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Evening star. [volume] (Washington, D.C.) 1854-1972, August 03, 1947, Image 129

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Persistent link: https://chroniclingamerica.loc.gov/lccn/sn83045462/1947-08-03/ed-1/seq-129/

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e ■ m ■ c a — ■ i« m — i ■
ACME
SAVAGE VOLLEYING GAME, plus explosive serve, may carry handsome Bob to the top
Another Fabulous Falkenburg
BY R. MAGRUDER DOBIE
Jle was just “Jinx’s brother”
for a long time, but Bob is
blazing his own trail these
days — with a cannonball serve
A FEW years ago, a tall, handsome kid from
. Hollywood, who looked more like a
movie star than a tennis player, arrived in
New York for the national singles champion
ships. An ardent movie fan, he made his way
to Broadway, took in one double feature after
another. When the last midnight show was
over, he found himself standing in the rain
in Times Square, with no place to go but the
tennis chib. He asked a newsboy for direc
tions to Forest Hills.
“Say, ain’t you Bob Falkenburg?” asked
the newsboy.
Bob has never forgotten that night. He had
just played in a tournament with his left arm
(broken in a horseback accident) in a cast,
and newspapers had used his picture. It was
the first time he had ever been identified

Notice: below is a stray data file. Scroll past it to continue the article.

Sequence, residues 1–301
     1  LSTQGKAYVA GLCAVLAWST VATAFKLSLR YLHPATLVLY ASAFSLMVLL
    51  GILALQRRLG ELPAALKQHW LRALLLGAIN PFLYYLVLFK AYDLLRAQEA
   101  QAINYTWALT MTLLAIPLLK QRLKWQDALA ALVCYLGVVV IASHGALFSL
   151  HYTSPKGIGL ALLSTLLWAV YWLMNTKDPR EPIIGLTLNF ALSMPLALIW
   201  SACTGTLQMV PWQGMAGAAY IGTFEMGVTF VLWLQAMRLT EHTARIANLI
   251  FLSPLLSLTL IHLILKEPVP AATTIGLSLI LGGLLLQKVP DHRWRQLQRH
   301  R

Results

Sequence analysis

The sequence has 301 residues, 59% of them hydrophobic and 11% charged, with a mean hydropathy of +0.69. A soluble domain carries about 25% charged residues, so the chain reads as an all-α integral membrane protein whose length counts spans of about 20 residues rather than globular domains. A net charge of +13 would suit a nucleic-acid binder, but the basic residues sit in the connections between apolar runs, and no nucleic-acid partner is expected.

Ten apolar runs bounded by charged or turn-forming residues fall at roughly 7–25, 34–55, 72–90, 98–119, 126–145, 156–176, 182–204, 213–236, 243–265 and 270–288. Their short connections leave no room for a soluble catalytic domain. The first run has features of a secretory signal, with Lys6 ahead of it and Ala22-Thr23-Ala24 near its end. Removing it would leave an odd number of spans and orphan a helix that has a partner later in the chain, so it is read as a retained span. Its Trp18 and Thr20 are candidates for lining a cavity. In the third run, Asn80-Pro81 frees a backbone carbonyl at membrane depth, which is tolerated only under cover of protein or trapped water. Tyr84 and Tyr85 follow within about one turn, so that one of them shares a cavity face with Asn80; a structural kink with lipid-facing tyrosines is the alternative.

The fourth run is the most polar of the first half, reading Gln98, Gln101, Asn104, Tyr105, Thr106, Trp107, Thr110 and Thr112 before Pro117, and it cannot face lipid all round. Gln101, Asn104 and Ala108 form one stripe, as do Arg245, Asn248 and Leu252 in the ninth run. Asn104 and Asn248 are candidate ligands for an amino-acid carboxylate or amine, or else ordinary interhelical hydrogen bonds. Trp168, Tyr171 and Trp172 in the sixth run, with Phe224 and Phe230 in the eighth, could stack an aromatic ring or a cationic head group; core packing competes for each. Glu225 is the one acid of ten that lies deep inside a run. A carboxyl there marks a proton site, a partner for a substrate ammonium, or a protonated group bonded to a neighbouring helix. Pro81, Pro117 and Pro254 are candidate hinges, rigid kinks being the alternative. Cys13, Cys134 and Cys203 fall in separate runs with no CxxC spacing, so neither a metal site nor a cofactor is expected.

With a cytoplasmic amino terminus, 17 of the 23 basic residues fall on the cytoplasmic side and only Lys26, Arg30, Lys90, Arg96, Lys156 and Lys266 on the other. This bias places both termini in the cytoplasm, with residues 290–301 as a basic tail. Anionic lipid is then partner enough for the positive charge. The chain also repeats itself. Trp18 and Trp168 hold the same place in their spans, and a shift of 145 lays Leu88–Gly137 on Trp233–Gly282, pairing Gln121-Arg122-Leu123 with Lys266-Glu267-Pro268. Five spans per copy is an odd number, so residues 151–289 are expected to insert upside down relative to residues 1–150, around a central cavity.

as anything but “Jinx’s brother.”
Jinx Falkenburg is now settled in New
York with a husband and a radio show. But
Bob, at the tender age of 21, is still footloose.
He and his 19-year-old Brazilian bride have
been honeymooning in Europe while he
14
played the Continental tournament circuit.
Bob was seeded eighth at Wimbledon,
played into the quarter-final round. No one
expected him to win, but no one was more
exciting to the crowds. They gladly paid to
see this six-foot-three youngster with the
long arms and legs lean into a cannonball
serve, storm the net for sharp volleys, and
execute an overhead smash that sent the hall
bouncing into the grandstands. Falkenburg
needs sounder ground strokes if he is to suc
ceed Jack Kramer on the tennis throne. But
for the time being he is satisfied to be the
next champion. Life is full and exciting.
IstwesIhgUU Champ
Nor so many months ago, Bob was just
another student at the University of Southern
California, his chief claim to fame being that
he played tennis with Errol Flynn, Paulette
Goddard, Walter Pidgeon, Jack Warner and
Mickey Rooney. Then, in 1946, he won the
intercollegiate championship, came east for
the fashionable grass-court tournaments, and
in the national singles advanced to the semi
finals before being eliminated by Jack Kramer,
national champ.
Shortly thereafter, Falkenburg was invited
to Mexico for the Pan-American matches.
After winning the doubles with Frank Parker
and interviewing a bullfighter for Jinx’s radio
program, he continued on to Rio de Janeiro.
There he met Sefiorita Lou Machado, whose
father owns a large radio station.
It was not love at first sight. In the local
IWUtWUUVUS, Ul IflUMI
he was the main at
traction. Bob wrenched
his back, had to de
fault. The Brazilians
accused him of quitting
because of lack of in
terest in the $200 watch
offered as first prize.
This was bunk. Bob
not only wanted the i
watch, but he was anx
ious to show Seflorita
Machado how tennis
should be played. At
first she shared the feel
ings of her fellow coun
trymen. But Boo is a J